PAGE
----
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Why we want to help

The impact of undernutrition (deficiencies in micronutrients as well as the insufficient intake of calories) is massive. When children get the right nutrition early in life: 

  • Their bodies and brains develop more fully; 
  • They perform better in school; 
  • They earn more in later life;  
  • They are less likely to develop chronic diseases, and; 
  • Their chance of survival is higher. 

Assessing micronutrient status is challenging, but a study that examined deficiencies in iron, zinc and vitamin A for children, and iron, zinc and folate for women (The Lancet Global Health, 2022) has estimated that over half of pre-school aged children and two-thirds of non-pregnant women of reproductive age worldwide are deficient in at least one micronutrient. Micronutrient deficiencies (also known as hidden hunger) are a particular concern in low- and middle-income countries due to inadequate consumption of food, a lack of dietary diversity and poor absorption of nutrients due to infection, inflammation and chronic illness. Periods of rapid physical and cognitive development and pregnancy require higher levels of micronutrients, meaning women and young children are particularly at risk of micronutrient deficiencies.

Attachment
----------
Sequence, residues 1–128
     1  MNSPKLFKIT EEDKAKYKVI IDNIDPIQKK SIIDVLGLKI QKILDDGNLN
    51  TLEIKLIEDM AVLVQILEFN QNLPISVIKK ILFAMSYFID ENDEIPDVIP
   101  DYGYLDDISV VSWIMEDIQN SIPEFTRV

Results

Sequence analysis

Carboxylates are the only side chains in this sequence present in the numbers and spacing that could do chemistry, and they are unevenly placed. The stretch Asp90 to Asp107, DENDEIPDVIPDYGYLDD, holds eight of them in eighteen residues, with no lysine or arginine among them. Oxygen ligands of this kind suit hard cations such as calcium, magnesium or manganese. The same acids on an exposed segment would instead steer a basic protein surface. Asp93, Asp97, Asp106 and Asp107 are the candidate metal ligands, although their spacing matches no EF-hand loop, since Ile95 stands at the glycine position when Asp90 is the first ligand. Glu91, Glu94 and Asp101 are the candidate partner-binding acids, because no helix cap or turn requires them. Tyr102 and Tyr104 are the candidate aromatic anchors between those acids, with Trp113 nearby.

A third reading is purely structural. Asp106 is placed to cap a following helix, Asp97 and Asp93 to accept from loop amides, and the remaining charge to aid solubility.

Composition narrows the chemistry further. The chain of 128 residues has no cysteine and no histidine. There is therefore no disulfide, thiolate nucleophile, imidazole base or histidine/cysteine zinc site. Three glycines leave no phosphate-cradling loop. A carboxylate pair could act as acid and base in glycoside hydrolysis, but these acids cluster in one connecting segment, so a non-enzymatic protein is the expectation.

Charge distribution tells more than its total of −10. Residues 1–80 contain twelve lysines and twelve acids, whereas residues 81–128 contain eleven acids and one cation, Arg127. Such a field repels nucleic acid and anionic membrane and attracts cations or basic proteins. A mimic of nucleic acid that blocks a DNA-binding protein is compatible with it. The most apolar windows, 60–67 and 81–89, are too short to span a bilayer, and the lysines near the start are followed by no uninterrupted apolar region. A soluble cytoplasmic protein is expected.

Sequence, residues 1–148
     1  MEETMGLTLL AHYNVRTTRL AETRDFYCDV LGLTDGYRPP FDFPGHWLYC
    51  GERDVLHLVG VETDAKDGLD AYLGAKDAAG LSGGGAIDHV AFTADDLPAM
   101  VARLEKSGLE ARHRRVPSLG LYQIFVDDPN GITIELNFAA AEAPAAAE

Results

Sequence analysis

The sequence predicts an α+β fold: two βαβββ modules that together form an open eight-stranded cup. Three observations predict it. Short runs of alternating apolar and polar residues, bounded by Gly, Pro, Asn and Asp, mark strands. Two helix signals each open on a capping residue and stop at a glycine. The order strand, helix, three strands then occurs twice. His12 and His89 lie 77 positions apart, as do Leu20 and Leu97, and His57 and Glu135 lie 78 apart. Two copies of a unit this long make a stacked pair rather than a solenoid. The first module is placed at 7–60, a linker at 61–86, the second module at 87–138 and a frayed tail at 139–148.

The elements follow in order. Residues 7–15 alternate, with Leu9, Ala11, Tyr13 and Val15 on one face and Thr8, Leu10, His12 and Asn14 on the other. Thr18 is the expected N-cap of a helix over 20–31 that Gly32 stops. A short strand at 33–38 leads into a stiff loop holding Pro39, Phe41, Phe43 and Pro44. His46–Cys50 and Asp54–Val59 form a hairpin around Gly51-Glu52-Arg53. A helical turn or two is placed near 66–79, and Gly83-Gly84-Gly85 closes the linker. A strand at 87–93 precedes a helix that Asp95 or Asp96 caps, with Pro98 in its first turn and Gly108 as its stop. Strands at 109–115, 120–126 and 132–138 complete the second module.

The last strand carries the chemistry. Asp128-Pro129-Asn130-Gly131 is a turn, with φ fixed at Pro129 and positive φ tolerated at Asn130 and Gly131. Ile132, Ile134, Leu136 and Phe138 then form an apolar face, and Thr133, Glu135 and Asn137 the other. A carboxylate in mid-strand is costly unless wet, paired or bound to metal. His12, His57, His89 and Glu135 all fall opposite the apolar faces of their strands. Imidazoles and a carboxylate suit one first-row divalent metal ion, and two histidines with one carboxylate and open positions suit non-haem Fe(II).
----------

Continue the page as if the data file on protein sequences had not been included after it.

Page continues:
Proven interventions to prevent and treat undernutrition are available and a suite of interventions addressing micronutrient deficiencies has been hailed by economists as being amongst the top 10 most cost-effective development solutions (2008 Copenhagen Consensus). But for these interventions to achieve their maximum impact they require a high level of coverage and many of these promising interventions are yet to demonstrate that this can be achieved at scale.  


What we will support:

Under our Nutrition programme we want to increase the coverage of proven cost-effective fortification, biofortification and supplementation interventions to reduce micronutrient deficiencies in at-risk populations.


For Main Grant Applicants:

There are three areas we are looking to provide support to, and we will consider applications that address one or more of these.